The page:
A cheeky New Year’s resolution tweet by principal John Goh was the start of a mini revolution at his Sydney school.
Merrylands East Public School principal John Goh made headlines when his school decided to change its bell times in 2013, with students arriving for an 8am start.
However, the catalyst for the change came a year earlier with a twitter challenge from Mr Goh as he was travelling home from the 2011 New Year’s Eve fireworks at Circular Quay.
“I cheekily put a tweet up, and I said, ‘Let’s have a real crack at school hours – I want to change the school hours’.
“I think I gave [my director] a heart attack,” Mr Goh said, referring to now Deputy Secretary Murat Dizdar.
The tweet launched a discussion within the wider school community, with the change in school hours supported by 72 per cent of parents.
“It was about our context, we knew our community,” Mr Goh told Department of Education Secretary Mark Scott in the latest instalment of the Every Student Podcast series.
“A lot of our children came from Middle-Eastern, Asian and European backgrounds where historically school started early.”
The early start also meant students were more engaged as they were home earlier (from 1.15pm) when afternoon fatigue – particularly in summer months – set in.
While the change was successful, there were moments Mr Goh wasn’t sure how it would turn out.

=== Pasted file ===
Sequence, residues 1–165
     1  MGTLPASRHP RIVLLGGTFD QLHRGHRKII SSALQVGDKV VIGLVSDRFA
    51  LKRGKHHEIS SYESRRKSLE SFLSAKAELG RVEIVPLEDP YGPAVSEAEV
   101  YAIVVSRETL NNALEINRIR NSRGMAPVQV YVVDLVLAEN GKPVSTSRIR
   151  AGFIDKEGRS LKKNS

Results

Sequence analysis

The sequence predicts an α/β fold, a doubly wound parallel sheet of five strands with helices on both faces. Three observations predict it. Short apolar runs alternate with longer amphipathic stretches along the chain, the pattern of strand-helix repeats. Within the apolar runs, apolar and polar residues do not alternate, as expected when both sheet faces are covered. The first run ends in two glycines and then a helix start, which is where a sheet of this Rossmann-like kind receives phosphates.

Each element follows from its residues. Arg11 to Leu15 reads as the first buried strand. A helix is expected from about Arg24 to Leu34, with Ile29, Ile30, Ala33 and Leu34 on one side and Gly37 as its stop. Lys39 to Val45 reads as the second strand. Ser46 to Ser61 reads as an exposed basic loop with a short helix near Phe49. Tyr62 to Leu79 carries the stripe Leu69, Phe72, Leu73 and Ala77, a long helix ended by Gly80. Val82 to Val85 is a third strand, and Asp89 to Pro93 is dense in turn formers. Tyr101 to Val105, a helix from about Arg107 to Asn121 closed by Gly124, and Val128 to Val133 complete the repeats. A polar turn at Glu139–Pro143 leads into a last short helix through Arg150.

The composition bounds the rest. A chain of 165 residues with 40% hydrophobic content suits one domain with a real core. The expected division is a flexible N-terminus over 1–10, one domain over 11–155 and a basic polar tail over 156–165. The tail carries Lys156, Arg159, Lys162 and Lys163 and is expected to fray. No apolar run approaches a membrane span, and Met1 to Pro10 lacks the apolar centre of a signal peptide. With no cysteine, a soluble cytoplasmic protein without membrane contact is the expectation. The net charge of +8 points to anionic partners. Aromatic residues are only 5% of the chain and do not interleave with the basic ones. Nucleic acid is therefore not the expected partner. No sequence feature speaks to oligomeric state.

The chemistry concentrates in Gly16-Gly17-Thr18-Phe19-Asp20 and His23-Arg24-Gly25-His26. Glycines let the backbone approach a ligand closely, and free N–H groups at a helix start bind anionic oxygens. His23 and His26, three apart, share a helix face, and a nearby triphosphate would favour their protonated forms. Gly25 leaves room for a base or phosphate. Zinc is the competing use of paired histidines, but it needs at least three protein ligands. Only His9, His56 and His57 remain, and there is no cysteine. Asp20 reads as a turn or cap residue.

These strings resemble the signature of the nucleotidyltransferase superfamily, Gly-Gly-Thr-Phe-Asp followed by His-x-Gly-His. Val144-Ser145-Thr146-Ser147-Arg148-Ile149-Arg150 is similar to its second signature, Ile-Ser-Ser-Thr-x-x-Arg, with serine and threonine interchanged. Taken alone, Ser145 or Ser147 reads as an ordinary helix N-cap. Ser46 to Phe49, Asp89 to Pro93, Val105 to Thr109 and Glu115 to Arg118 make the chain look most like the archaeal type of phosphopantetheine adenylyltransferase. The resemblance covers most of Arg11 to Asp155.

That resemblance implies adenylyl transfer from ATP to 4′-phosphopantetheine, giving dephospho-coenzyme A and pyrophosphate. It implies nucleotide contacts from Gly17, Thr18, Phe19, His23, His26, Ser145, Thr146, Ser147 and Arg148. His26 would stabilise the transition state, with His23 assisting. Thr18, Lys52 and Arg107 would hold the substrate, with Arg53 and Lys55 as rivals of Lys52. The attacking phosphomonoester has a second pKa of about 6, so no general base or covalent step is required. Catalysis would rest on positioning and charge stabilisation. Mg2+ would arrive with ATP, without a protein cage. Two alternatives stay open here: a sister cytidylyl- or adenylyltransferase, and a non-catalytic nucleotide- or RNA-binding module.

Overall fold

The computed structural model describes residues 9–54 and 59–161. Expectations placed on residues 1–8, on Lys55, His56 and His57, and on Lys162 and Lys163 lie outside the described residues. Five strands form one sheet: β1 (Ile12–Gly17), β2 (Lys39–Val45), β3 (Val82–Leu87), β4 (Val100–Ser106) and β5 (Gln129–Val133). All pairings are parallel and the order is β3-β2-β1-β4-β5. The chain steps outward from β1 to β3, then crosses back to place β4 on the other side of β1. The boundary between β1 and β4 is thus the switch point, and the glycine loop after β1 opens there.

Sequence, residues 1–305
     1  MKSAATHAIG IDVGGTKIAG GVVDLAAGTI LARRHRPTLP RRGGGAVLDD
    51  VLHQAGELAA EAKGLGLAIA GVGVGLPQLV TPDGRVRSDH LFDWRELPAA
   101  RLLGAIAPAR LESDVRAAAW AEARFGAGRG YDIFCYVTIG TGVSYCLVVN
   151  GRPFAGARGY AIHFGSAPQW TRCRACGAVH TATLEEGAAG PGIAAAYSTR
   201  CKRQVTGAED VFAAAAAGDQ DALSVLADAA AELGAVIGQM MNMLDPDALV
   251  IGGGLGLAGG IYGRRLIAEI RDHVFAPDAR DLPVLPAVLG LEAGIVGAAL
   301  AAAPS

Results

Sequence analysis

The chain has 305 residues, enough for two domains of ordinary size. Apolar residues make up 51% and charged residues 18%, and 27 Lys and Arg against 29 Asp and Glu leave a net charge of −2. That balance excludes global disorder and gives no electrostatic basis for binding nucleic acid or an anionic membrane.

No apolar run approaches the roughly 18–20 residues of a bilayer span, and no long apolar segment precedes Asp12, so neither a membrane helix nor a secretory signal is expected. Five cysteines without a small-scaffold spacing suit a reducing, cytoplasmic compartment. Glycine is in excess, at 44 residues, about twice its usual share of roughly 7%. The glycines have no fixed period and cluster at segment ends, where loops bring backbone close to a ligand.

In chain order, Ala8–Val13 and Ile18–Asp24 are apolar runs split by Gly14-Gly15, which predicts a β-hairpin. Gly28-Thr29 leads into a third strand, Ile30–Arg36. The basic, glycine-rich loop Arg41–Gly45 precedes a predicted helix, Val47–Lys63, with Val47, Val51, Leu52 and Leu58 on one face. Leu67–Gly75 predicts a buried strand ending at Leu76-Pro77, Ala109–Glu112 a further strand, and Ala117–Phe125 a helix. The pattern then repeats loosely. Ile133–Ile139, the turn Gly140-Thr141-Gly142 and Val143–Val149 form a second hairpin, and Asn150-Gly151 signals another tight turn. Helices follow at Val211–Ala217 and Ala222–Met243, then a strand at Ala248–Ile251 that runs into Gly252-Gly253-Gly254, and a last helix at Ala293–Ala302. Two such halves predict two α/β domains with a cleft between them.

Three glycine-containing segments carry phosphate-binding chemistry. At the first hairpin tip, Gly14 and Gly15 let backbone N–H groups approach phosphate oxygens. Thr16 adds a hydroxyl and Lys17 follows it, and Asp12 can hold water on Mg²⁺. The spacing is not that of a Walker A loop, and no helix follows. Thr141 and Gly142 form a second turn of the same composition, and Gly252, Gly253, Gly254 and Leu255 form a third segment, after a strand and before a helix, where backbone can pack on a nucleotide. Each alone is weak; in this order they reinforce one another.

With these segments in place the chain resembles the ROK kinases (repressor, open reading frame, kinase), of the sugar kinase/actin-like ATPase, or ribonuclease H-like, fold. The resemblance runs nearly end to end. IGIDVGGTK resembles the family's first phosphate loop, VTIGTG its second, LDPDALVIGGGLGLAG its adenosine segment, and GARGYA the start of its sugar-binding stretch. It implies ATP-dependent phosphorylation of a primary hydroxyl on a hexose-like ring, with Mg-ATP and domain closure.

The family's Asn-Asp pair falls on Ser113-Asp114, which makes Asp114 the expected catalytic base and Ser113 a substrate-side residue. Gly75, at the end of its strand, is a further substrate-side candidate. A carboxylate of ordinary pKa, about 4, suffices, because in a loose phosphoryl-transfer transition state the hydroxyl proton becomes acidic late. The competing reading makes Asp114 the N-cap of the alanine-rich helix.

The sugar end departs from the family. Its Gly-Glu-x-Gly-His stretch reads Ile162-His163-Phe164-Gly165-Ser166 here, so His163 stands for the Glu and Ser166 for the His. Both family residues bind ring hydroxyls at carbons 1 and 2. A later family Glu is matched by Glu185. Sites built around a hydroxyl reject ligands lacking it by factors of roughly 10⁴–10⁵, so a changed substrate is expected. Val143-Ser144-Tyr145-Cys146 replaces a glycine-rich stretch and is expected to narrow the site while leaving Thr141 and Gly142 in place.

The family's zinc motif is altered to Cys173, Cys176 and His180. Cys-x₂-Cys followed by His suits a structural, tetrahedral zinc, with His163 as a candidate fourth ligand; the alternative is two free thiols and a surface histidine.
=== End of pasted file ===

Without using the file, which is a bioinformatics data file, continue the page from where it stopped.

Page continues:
“I was a bit worried on the very first day we started. It was about 7.30am and I didn’t see any children on the playground, 7.40am and I still didn’t see any children on the playground, and then suddenly they all walked in the gate at five to eight.”
Mr Goh said social media gave him a view of the bigger picture. “When you start seeing what’s happening in a global [context], you put things in perspective. You don’t realise how great our system is in NSW.”
But Mr Goh knows his real impact is local. “When I go down to Kindergarten and listen to a child read, my whole outlook changes because it gives me more perspective about what’s really important,” he said.
The child of immigrants, Mr Goh said his parents instilled in him a strong sense of social justice and work ethic.
He considered becoming a police officer, but “never made the height restrictions”. Even when he started teaching, running a school wasn’t the end goal.
“I didn’t aspire to be a principal. What I aspired to be was as good a teacher as I could be.”
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